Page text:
views updated


QUE , the Assyrian (Quwe) and biblical Hebrew (קְוֵא, קְוֵה), name of Cilicia, the classical name of the Mediterranean littoral south of the Taurus Mountains in Turkey, from Paphlagonia in the west to the Amanos Mountains in the east. At its eastern end, this littoral broadens into a fertile valley watered by the rivers Pyramus (Ceyhan), Sarus (Seyhan), and Cydnus (Tarsus); this portion was known in classical times as Cilicia Pedias or Campestris, or simply Cilicia proper, to the Egyptians as Kode or Qedi, to the Hittites as Kizzuwatna (Kizwatna), and to the neo-Babylonians as Ḥume. According to some Egyptologists, the western portion of Cilicia (Cilicia Aspera or Tracheia) was called Keftiu (the biblical Caphtor), though this name is more generally held to designate Crete and perhaps the Aegean coasts as well. The name Cilicia is probably derived from that of the Ḫlakkû people who were the dominant ethnic group in the neo-Assyrian period (as identified by Herodotus). Like much of the surrounding littoral, Que was an important link in the trade routes of the ancient Near East and subject to influences, by land and sea, from all its neighboring cultures (see below).

Political History

The political history of Que begins in about 1650 b.c.e. Kizzuwatna, eastern Que, was clearly under Hittite control, for Ḥattušili i and Muršili i, the outstanding Old Hittite kings, seem to have moved freely down the Pyramus River (Hittite Purna) on their campaigns into Syria. However, with the death of Muršili about 1590 b.c.e., the Hurrians asserted themselves in Que, as elsewhere, and Que enjoyed two precarious centuries of independence. The first attested king of Que, Išputaḥšu, son of Paria-watri, is known both from his own inscription and from a Hittite record. His bilingual bull from Tarsus proclaims him a "great king." In the time of Arnuwanda i (c. 1440–1420 b.c.e.), Kizzuwatna even expanded beyond the borders of Que as far east as Uršu and Wašukanni (see *Hittites). However, the increasing power of the new Hittite Empire and the rise of rival Hurrian states, particularly Mitanni, soon put an end to these pretensions.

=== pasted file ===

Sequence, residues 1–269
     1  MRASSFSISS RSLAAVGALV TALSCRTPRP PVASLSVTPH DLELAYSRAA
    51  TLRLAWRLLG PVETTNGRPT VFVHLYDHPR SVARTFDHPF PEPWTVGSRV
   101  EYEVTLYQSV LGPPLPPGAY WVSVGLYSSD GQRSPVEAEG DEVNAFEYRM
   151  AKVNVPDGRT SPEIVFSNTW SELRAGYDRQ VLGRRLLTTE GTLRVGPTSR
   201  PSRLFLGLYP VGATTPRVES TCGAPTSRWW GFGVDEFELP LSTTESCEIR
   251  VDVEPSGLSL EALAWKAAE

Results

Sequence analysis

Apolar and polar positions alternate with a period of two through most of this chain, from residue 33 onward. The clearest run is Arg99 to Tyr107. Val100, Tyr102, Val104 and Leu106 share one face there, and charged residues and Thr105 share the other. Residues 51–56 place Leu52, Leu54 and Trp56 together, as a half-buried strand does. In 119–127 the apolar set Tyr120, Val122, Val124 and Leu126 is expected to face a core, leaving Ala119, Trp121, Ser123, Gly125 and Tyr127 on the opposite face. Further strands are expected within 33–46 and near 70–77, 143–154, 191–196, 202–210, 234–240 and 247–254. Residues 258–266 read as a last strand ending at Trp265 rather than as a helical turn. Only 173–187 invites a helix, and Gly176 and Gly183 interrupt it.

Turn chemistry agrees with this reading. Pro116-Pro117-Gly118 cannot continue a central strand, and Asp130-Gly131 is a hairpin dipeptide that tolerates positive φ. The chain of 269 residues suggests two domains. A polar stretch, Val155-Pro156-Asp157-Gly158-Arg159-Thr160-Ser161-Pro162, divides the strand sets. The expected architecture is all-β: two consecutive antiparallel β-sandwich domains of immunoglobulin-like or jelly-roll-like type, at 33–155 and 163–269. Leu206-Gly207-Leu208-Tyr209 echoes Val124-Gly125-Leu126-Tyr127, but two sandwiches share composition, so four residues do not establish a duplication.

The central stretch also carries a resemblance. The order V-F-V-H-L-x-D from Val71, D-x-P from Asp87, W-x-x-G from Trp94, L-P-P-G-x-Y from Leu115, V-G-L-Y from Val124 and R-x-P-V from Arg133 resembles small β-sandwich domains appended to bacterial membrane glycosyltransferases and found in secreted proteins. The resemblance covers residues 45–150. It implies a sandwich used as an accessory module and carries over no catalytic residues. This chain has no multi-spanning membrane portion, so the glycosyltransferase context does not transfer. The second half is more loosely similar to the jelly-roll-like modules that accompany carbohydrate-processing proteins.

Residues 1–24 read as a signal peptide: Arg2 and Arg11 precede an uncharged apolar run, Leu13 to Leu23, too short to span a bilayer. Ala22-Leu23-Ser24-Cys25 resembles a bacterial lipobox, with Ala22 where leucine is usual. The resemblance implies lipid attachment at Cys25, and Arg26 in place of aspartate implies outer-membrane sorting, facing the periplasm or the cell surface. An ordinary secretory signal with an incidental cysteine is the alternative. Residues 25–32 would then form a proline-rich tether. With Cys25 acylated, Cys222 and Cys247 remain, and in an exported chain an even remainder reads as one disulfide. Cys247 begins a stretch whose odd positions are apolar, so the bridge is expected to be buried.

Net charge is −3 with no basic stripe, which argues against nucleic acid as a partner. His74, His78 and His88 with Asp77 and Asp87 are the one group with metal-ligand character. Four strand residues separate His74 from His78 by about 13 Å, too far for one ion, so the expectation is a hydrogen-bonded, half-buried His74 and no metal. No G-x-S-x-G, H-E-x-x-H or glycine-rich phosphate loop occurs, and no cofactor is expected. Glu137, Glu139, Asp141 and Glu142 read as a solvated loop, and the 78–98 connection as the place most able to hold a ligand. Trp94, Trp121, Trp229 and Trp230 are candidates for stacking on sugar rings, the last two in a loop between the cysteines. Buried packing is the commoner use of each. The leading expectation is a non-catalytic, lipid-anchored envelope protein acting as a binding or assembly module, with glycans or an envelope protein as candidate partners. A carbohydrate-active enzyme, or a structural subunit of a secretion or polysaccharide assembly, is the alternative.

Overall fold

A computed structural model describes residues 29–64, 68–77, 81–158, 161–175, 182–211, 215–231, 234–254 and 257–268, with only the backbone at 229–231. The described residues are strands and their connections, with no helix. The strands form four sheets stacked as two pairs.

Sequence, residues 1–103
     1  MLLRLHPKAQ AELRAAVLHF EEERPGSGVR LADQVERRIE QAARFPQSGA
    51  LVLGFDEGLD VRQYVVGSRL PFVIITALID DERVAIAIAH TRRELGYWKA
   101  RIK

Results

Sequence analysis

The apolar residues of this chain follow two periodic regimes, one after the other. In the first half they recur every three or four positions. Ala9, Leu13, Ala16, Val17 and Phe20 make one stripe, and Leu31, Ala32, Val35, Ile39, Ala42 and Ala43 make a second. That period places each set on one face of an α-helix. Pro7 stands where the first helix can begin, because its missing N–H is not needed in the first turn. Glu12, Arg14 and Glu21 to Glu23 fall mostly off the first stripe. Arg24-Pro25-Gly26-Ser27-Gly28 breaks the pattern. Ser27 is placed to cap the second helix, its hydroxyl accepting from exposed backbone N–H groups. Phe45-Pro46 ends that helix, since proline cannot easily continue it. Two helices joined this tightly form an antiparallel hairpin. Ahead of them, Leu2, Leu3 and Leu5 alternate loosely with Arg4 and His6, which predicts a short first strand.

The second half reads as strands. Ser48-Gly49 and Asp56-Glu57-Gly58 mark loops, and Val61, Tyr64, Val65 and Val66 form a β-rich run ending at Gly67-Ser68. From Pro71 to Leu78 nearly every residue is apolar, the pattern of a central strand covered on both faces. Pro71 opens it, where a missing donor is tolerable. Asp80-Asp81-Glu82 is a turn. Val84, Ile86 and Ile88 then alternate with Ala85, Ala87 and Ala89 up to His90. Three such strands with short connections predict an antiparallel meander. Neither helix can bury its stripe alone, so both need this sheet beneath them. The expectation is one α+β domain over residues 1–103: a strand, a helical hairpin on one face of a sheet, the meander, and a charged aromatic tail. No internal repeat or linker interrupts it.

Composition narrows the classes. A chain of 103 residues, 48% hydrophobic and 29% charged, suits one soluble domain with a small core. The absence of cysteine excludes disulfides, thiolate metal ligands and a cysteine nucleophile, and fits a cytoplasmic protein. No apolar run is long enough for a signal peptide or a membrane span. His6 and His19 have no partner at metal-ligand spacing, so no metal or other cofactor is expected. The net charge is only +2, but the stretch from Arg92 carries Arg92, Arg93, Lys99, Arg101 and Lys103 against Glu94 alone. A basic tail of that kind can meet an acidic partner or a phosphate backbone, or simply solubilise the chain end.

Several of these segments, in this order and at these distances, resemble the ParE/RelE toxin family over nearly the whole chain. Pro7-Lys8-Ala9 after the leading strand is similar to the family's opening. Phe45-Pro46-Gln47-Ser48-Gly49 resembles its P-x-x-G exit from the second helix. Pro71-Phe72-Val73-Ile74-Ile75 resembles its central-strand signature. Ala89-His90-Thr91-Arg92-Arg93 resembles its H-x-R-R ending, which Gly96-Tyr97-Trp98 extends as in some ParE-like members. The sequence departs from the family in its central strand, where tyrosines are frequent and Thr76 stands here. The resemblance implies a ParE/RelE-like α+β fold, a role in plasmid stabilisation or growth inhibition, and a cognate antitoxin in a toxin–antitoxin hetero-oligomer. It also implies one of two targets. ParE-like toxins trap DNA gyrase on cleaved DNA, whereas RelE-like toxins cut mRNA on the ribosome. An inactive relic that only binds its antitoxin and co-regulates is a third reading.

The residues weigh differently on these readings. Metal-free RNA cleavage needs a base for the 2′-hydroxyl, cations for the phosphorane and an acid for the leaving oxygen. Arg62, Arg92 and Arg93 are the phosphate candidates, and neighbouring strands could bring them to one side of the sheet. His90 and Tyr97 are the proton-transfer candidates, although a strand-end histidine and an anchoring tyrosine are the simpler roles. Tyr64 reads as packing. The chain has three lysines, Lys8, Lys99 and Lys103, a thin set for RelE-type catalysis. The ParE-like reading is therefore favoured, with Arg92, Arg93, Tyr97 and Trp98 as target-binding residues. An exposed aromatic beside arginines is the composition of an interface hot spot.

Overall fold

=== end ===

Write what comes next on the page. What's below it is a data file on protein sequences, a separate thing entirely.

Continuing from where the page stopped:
An interesting light is thrown on western Que at this time. Texts from *Ugarit in the 14th and 13th centuries mention a number of merchants from Ura, the capital of the later Pirindu (see below). One in particular regulated their status at Ugarit, where they apparently enjoyed "extra-territorial" rights under Hittite protection.

Que After Hittite Times

With the collapse of the Hittite Empire under the onslaught of the Sea Peoples (c. 1200 b.c.e.), Que too was plunged into obscurity. It is conceivable that as the remnants of Hittite culture and population sought refuge in northern Syria, those of Kizzuwatna migrated into Anatolia, and that the later name Katpat-uka (Cappadocia) preserves the ancient tribal name of Kizwatna. Que-Cilicia (or better, a part of it) reemerged into history at first through biblical sources. i Kings 10:28 and ii Chronicles 1:16 state that royal merchants imported, and perhaps even transported and resold, horses from Que and Miẓrayim (= Muṣri, a neighbor of Que) for the king's personal use and for the other northern kings of Aram and of the Hittites (the petty successors of the Hittite Empire; cf. ii Kings 7:6). The word mi-qweh ("from Que") in these passages was generally misunderstood. From the ninth century on, Que and the other parts of Cilicia are taking part in northern coalitions against Assyria. At this period, Que appears to have been settled by new ethnic elements, known to the Assyrians collectively as Ḥilakkû, though many individuals, including particularly the petty princes who ruled various parts of the area, still bore Luwian names comparable to those of the second millennium. The name of Kizzuwatna survived in the name of the city Kisuatni, but the principal site of Que in this period is Karatepe at Ceyhan (classical Pyramus in the Amanus mountains). According to the monumental bilingual inscriptions of Azittawdda, the contemporary king, in Phoenician and Hittite hieroglyphics, this site was the capital of Awar(a)ku king of the Danunites (Homer's Dannaeans?) of Que (identical with the Urikki king of Que in Tiglath-Pileser iii's annals). The growing involvement of Que with Assyria began in Shalmaneser iii's time, when the northern coalition was crushed by him. On the other hand, Que did not participate in the southern coalition (see *Karkar where the corrected lines of the inscription are cited). Que's connections with Assyria continued through *Esarhaddon's time down to that of Neriglissar.


E.D. Forrer, in: Klio, 30 (1937), 135–86; H. Goldman, in: R.W. Ehrich (ed.), Relative Chronologies in Old World Archeology (1954), 69–82; C.H. Gordon, in: jnes, 17 (1958), 28–31; A. Goetze, in: jcs, 16 (1962), 48; M.J. Mellink, in: Bibliotheca Orientalis, 19 (1962), 219–26; H. Tadmor, in: jej, 11 (1961), 143–50.